So, an excellent way to craft your image alt tags is to think of it as how you’d describe your image to a blind person.
If your image doesn’t load properly, too, then your alt tag is what will be displayed in its place.
Your image alt tags and file names are pretty easy to do, so it is something you could do as a small business owner once your Keyword Strategy is in place.
8. Image file size
Large image files can slow down a website, so this is an important area to get your head around.
And slow websites can negatively impact search engine ranking.
Sometimes you need to compromise a little here as you don’t want to compromise the quality of your image either. But there are some great WordPress plugins that will help you compress your images.
And good hosting will help here too.
9. Internal links
Internal links are hyperlinks that direct a user to another page on the same website.
A good internal linking strategy is essential for two reasons:
- Usability as it helps users navigate a website
- SEO as it helps spread link equity around a website and helps guide Google around your website.
When done correctly, internal links can be a powerful tool for small business owners looking to improve their website’s visibility and usability. Internal linking is also essential for building an informational hierarchy on a website – by linking to more critical pages from less important pages. Visitors can quickly and easily find the information they’re looking for.
Speed is a significant factor these days for SEO, especially as we are generally using mobile phones the most. And we also live in a world where we want instant action/gratification. We don’t want to wait for a website to load. We’ll move on to the next one when it takes too long. So, your website should ideally load in under 2-3 seconds.
A fast website will help with conversions, too. Although there is more to conversions than speed, but it’s one aspect that will help.
11. Google Analytics
Google Analytics is a free web analytics tool that provides insights into your website traffic and performance. It’s such a powerful tool that will help you understand how your website visitors interact with your website.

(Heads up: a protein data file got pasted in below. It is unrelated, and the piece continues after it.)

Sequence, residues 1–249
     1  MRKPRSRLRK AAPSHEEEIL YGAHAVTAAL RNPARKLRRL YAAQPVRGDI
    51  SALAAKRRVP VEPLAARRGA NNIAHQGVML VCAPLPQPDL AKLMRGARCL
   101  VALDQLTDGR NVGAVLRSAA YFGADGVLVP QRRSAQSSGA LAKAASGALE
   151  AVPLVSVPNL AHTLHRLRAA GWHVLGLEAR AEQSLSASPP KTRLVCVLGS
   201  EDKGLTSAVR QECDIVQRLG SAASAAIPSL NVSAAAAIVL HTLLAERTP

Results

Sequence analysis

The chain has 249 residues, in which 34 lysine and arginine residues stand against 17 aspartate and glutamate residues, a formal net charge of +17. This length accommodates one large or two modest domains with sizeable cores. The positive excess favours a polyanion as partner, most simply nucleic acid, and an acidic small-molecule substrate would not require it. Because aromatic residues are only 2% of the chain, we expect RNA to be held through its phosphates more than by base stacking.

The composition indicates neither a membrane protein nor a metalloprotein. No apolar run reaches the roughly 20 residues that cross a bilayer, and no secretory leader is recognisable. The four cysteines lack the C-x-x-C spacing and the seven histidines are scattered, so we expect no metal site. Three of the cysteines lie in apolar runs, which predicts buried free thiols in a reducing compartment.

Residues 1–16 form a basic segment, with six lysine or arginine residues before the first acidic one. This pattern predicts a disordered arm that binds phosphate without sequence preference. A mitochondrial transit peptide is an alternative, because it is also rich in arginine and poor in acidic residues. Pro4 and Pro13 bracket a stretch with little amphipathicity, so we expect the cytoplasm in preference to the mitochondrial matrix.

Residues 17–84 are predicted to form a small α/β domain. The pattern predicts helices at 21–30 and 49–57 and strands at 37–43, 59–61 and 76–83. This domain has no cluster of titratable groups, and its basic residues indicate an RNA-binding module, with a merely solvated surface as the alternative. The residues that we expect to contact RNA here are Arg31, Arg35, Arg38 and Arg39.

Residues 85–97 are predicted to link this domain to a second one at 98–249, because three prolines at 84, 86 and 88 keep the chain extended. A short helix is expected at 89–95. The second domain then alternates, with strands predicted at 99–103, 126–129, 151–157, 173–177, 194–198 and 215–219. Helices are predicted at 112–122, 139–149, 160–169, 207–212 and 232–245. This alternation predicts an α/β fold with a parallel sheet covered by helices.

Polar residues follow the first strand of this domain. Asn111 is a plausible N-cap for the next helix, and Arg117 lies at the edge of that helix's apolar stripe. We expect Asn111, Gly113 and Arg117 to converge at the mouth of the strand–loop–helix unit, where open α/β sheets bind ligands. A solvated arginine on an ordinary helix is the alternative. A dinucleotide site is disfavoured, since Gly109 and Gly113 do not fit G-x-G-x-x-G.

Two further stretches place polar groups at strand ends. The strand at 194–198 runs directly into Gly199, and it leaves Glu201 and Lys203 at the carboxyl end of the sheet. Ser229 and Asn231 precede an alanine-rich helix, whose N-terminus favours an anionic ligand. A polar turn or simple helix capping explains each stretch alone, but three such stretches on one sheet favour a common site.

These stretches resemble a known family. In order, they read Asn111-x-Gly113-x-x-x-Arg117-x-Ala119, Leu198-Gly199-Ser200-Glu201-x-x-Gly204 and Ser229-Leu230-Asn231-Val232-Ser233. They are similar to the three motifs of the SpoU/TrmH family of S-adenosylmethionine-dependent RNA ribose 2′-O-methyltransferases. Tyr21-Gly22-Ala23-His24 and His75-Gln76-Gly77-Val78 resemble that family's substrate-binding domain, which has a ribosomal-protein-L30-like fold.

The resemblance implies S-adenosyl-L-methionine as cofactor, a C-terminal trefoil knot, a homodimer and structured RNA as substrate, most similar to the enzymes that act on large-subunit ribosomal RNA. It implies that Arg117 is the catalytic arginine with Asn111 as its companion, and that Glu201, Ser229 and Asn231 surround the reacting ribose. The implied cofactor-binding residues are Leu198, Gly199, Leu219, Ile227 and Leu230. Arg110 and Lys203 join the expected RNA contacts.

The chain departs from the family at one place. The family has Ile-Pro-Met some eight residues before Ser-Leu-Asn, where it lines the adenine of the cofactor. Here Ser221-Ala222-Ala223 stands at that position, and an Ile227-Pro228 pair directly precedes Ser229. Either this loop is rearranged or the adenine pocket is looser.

With the information and knowledge you gain, you can make your website changes to improve things, which has positive SEO effects on your SEO rankings.
I’m often surprised how many small businesses don’t have Google Analytics or do have it but never utilise it.
12. Google Search Console
Google Search Console (GSC) is also a free tool that helps you manage your website’s search performance.
You can use GSC to help index your site, see what’s been indexed, submit sitemaps, and get other detailed reports. It’s an essential tool (one of many) in my book for any small business that wants to improve its SEO.
13. Google My Business listing
Don’t forget to claim your Google My Business listing if you are location-based. We love using our GMB for our local SEO services.
Your Google My Business should be integral to your digital marketing strategy, especially when seeking testimonials and reviews. If you drive clients and customers to your Google My Business as a priority, that has a positive SEO response.
Remember to post to your Google My Business just like you do your social media channels, as an updated presence works well for your local SEO campaigns.
Common mistakes made in small business SEO
Here are some everyday things that I often see in SEO on small business websites or by web developers who have supposedly implemented basic SEO.
- Page titles in capitals – don’t do this as it takes up more pixel space, meaning you have fewer characters to utilise.
- Image file names with long strings of characters or random numbers and letters. Instead, make them relevant, concise and succinct.
- Don’t use underscores “_” in your image file names as Google can’t read them.
- Keep your image file names unique and avoid using the same file name for multiple images on your website.
- If you’re revisiting your image file names, don’t just change the image file names on your WordPress website. You literally need to change them on your PC and then reupload them—a tedious but necessary job. But start with your more popular pages or popular products and work through them from there.
By avoiding these common mistakes, you’ll be helping improve your SEO and search engine rankings.
SEO isn’t for me. What do I do now?
Have you decided SEO isn’t for you, and honestly, it’s not for everyone.
Or have you realised how long it can take and you don’t have the time?
Don’t despair; I can help. Just email me, and let’s schedule a time to chat about all things SEO.
Or do you want to have a crack at the SEO basics? Download my FREE SEO Checklist that lays out all your SEO basics.